Wednesday, July 17, 2024

Senators ask Edwards to call tax session, even without deal

by BIZ. Staff

By MELINDA DESLATTE, Associated Press

BATON ROUGE, La. (AP) — A bipartisan group of Louisiana’s state senators urged Gov. John Bel Edwards to call a special session this month to replace expiring taxes, even if he can’t strike a pre-session deal with House Republicans.

Fourteen of 39 senators — including Senate President John Alario, a Republican, and Finance Committee Chairman Eric LaFleur, a Democrat — sent a letter saying a February special session is needed to balance next year’s budget without damaging programs.

“It’s time for us to be a little more proactive,” said Sen. Rick Ward, the Port Allen Republican who spearheaded the letter signed by 11 Republicans and three Democrats.

About $1 billion in temporary taxes expire July 1. If lawmakers want to replace any of the expiring revenue with taxes, that requires a special session, either before the regular session starts March 12 or after it ends June 4. Otherwise, they’ll have to slash spending, cuts expected to fall most heavily on health services and college programs. No lawmaker has offered a proposal for how to close the gap entirely with cuts.

Delaying until June will sow uncertainty, the letter says.

“There is not a single option that will be available in June that is not available to the legislature now. The state gains nothing and only loses by waiting,” the letter says. “Waiting until June or later to solve the budget shortfall will unduly burden and cause irreparable harm to our universities and hospitals, and further harm the constituents served by them.”

Edwards wants a special session this month. But the Democratic governor has said he doesn’t want to summon lawmakers to Baton Rouge unless he has agreement with House Republican leaders who blocked his previous tax proposals.

“Gov. Edwards can’t negotiate with himself, and it’s critically important for the House to come to the table with ideas,” Edwards’ spokesman Richard Carbo said in a statement.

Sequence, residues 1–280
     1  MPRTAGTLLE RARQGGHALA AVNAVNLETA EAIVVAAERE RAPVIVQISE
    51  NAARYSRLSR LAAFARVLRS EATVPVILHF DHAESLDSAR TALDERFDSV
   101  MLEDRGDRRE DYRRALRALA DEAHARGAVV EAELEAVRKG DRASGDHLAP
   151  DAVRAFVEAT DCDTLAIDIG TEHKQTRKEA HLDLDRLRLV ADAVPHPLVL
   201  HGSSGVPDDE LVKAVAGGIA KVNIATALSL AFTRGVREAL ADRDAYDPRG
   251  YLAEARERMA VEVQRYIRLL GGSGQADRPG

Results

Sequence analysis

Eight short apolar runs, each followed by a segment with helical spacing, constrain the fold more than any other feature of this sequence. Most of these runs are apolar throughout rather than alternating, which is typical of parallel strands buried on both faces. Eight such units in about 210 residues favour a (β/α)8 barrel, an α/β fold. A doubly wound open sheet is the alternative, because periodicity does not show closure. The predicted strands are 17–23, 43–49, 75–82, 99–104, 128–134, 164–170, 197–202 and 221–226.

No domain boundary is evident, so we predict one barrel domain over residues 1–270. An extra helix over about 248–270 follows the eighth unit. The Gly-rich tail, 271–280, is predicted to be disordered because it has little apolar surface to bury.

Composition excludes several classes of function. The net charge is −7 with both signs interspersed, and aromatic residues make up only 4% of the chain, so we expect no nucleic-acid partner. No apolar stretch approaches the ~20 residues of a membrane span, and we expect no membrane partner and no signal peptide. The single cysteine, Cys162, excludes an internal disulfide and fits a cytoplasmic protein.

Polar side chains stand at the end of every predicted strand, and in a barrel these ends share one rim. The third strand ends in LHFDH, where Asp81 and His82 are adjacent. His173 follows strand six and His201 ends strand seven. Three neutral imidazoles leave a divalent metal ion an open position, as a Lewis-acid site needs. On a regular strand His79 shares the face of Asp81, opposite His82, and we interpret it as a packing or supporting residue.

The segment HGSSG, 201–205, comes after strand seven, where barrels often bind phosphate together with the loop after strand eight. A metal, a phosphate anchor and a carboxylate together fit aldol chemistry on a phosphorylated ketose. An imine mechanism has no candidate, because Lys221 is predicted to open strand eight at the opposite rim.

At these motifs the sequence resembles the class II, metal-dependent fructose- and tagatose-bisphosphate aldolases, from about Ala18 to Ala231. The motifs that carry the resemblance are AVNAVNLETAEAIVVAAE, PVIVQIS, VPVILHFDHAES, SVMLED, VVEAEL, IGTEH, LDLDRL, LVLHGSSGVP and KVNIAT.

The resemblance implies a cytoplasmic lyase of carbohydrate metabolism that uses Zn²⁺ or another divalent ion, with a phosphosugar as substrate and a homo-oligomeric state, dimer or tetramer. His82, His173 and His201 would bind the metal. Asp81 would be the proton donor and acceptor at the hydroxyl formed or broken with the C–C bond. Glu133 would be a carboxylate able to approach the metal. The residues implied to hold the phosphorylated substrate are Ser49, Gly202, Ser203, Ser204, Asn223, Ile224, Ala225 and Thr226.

Ward said it will be easier to reach consensus if all 144 lawmakers are together in session, rather than negotiating by phone and in small groups.

“The best way forward is with us in Baton Rouge, everybody under one roof,” Ward said.

But Ward’s letter seems to suggest disagreement in his own chamber, lacking a majority of senators to push Edwards for the session. Sen. Troy Carter, chairman of the Senate Democratic Caucus, sent his own letter calling it “prudent” to have a special session soon.

Both Republican House Speaker Taylor Barras and Rep. Lance Harris, chairman of the House GOP delegation, have said they support holding a February special session to address the budget gap. But while the Legislature can call itself into session, legislative leaders appear to be waiting for Edwards to make that decision.

The senators’ letter asks the governor to make the special session agenda as broad as possible, so a variety of ideas can be considered to balance the budget.

Barras said House Republicans won’t support taxes without passage of spending control legislation at the same time. The House GOP proposals would tighten limits on spending growth; create a new website to track spending; charge some Medicaid patients a cost-share for services; and require some adult Medicaid enrollees to work or lose their coverage.

While the ideas wouldn’t necessarily chip away at the size of the budget gap, Barras said they could lower the state’s costs in the long term. Edwards said he needs more information on the proposals and on what taxes lawmakers would support in exchange.

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